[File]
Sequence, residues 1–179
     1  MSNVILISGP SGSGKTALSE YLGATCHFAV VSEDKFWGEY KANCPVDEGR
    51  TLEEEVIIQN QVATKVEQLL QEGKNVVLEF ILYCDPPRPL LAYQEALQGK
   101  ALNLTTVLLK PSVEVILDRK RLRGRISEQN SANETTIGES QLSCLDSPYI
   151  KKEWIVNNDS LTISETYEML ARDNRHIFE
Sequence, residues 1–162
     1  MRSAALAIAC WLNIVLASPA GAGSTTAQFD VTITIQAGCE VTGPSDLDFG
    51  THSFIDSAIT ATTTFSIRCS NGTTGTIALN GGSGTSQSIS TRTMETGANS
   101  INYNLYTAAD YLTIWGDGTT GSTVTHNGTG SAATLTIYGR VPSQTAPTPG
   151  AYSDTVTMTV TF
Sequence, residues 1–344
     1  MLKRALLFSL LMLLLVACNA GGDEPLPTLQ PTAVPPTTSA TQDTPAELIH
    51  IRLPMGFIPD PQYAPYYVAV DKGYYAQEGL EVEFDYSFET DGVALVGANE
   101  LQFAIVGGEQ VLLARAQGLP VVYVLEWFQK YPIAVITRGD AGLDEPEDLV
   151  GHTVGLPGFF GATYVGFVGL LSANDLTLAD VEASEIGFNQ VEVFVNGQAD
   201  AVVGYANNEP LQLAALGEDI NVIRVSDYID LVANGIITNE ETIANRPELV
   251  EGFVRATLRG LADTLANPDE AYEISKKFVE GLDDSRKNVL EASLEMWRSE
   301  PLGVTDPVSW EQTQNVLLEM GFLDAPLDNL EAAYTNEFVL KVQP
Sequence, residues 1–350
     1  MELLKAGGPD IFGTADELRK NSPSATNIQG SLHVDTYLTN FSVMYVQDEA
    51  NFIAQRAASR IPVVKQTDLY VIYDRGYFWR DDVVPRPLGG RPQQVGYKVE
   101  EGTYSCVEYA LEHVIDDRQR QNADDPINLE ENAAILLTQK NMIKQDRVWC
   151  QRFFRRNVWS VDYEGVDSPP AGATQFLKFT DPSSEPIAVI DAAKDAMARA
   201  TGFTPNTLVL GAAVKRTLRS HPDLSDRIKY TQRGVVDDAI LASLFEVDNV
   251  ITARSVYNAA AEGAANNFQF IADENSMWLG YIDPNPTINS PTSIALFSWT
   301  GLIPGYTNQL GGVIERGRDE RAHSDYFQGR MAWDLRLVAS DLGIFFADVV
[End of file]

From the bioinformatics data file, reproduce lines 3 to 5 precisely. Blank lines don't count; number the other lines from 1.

    51  TLEEEVIIQN QVATKVEQLL QEGKNVVLEF ILYCDPPRPL LAYQEALQGK
   101  ALNLTTVLLK PSVEVILDRK RLRGRISEQN SANETTIGES QLSCLDSPYI
   151  KKEWIVNNDS LTISETYEML ARDNRHIFE